Tuesday, November 9, 2010

Inventing fictional religions.

As you produce your fictional world, sooner or later you will also need a belief system. This one sounds crazy, but realistically the citizens of your fictional world are going to create a religion. Author of the Gust touches briefly on the wacky ninja religion invented for that series, a religion that seems to focus primarily on performing rituals at a series of shrines. Their culture is filled with an endless array of ritualistic practices, driven by a series of documents referred to as simply sacred scrolls. Though it is not a primary story element, the series builds on the religion all through the three volumes. In the third book, the primary antagonist invents his own series of scrolls that allows him to cease control of a large portion of the ninja population. This is especially infuriating for the main protagonist, who has seen the original scrolls and knows exactly what the ninja religion is truly based on.

As far as inventing your own religion, there is a wide array of fodder available in Greek, Egyptian, Roman, and Norse mythologies. If you dig into any of these, you will find that all of them follow a central theme: the gods were created in order to explain natural occurrences. From there, various good luck rituals evolved into deeply significant religious practices.

If the timeline of your story-world goes back far enough, you can use an even more interesting technique. In order to explain this, I first need to tell you about Audie Murphy. If you’ve never heard of him, let me start by saying his was the most decorated soldier in United States history. He was also insanely badass.

Now, I won’t go into the details about how awesome this guy was, but here’s just one example: after the war he wrote a book about his experiences, a few years later a Hollywood studio decided to make a movie out of it, and have Audie play himself(he was already a well-known actor by then). He had them take out several parts of the book, because he didn’t think they would be believable in a Hollywood setting.

Now, it’s important to remember that Audie Murphy was human. He was perhaps more of a man that most of us, but he didn’t do anything that is to far beyond the strength of the human will. He was, however, awesome enough that we continue to tell stories about him nearly 70 years later.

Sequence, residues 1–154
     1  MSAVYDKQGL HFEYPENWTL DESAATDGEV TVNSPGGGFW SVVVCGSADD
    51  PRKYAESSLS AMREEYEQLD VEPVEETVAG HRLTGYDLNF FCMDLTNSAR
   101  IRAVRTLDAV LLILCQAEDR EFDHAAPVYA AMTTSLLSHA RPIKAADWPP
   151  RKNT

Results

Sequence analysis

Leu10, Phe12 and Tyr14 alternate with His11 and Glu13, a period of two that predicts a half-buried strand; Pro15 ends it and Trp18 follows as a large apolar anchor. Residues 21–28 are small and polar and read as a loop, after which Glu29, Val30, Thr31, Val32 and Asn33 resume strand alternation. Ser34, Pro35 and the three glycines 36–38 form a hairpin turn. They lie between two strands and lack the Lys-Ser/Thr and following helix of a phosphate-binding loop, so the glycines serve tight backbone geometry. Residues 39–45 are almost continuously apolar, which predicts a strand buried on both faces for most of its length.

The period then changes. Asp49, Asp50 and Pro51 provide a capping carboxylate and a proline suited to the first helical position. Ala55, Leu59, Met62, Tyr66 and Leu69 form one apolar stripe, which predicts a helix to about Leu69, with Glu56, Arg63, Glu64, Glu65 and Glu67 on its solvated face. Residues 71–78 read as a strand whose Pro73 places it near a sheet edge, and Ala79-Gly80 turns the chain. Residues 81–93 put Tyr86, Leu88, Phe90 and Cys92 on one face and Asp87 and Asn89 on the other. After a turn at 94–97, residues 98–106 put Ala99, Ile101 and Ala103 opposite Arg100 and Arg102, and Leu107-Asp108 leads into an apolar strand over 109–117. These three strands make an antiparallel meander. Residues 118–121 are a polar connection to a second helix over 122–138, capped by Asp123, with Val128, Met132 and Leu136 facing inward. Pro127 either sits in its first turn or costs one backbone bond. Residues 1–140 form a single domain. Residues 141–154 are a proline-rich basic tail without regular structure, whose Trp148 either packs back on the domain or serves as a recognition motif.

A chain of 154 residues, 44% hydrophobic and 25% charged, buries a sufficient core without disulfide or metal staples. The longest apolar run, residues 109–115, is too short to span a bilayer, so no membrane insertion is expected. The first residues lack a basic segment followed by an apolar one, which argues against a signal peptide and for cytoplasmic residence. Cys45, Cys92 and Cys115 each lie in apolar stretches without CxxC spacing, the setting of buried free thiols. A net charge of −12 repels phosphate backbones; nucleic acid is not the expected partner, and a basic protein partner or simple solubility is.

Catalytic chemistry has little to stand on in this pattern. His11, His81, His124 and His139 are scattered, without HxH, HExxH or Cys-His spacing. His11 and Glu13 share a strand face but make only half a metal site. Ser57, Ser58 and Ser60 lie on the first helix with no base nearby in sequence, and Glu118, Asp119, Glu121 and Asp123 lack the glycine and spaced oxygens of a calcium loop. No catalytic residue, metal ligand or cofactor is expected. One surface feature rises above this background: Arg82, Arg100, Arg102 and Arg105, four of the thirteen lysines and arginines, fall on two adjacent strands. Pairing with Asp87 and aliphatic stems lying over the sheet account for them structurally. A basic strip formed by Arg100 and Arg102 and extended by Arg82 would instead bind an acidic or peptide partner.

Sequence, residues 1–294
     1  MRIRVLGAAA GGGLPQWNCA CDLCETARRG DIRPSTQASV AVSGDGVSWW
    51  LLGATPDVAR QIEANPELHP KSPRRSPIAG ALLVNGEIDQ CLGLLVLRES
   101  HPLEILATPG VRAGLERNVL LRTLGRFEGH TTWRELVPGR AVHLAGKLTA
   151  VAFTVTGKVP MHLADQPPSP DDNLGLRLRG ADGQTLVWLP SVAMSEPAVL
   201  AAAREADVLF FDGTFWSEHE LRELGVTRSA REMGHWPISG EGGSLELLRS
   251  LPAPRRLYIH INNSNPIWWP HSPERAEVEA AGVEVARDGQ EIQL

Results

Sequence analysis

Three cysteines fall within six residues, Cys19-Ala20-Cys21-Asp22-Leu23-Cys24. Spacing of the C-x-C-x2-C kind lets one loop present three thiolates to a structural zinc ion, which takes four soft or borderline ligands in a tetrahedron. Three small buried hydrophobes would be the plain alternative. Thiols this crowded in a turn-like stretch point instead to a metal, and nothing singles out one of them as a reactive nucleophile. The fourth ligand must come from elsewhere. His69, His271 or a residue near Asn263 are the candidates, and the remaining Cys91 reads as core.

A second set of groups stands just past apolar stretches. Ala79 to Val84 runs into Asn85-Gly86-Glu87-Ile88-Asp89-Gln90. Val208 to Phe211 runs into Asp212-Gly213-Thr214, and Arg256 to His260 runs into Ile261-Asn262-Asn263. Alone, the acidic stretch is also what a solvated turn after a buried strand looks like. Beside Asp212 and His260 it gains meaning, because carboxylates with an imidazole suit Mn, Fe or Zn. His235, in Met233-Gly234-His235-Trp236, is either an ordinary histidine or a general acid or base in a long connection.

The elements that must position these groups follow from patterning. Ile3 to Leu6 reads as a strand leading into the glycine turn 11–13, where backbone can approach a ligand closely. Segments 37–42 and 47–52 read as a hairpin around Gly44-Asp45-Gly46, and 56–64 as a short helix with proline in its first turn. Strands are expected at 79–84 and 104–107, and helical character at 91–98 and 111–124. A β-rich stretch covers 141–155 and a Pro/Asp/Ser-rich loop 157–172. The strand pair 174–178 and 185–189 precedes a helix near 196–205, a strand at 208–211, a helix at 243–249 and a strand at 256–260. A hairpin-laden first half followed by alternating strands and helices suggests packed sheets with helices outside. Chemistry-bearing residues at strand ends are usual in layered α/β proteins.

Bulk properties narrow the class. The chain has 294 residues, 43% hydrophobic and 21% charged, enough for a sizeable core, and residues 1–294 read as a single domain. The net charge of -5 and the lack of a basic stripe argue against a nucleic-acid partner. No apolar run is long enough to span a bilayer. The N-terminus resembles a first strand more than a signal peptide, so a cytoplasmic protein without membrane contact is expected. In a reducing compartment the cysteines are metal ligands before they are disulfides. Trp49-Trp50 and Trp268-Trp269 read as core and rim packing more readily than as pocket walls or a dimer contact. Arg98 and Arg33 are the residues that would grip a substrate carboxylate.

Flash forward about 2000 years, and imagine for a second that at some point we lost every copy of Audie’s book. With each generation that the stories are retold, Audie gets a little more powerful, a little more awesome, until in about 4010 he is so outrageous that no one can possibly believe he was once a real person. So obviously he must be a god, and we should start worshiping him, right?

This is not as outlandish as it sounds, in fact it has actually happened. In Egypt’s Old Kingdom, the third-dynasty king Djoser hired an architect to build him an awesome tomb. His name was Imhotep, and he invented the iconic thing most commonly associated with Egypt: the pyramid.

Now, this is a pretty spectacular accomplishment in and of itself. We all love trend-setters, this guy set a trend that would endure for over 5,000 years(You didn’t think the Luxor got it’s shape by accident?), this is the guy who thought “Hmm, that looks cool. Let’s try it,” and impacted history in a huge way.

2,000 years later, he was deified.

True story. In the New Kingdom, over 2,000 years later, Imhotep was made the god of medicine and healing. Yeah, in addiction to inventing the defining shape of Egyptian culture, he was also a pretty good doctor, as in good enough that he treated the Pharaoh who’s tomb he would eventually build.

So this concept is not outlandish at all. In The Course Books, this technique is even used to explain one of the gods in the Rowen Pantheon.

Whatever you come up with, it needs to be fluid and believable. Religions like the Greek or Norse gods took thousands of years to evolve, and started off as stories told around campfires, or even dreams. The important thing is the way they explain some phenomenon. It doesn’t rain because the gods are angry, it rains to much for the same reason, and then you get to build a large series of rituals based on making the gods happy.

Fun times.

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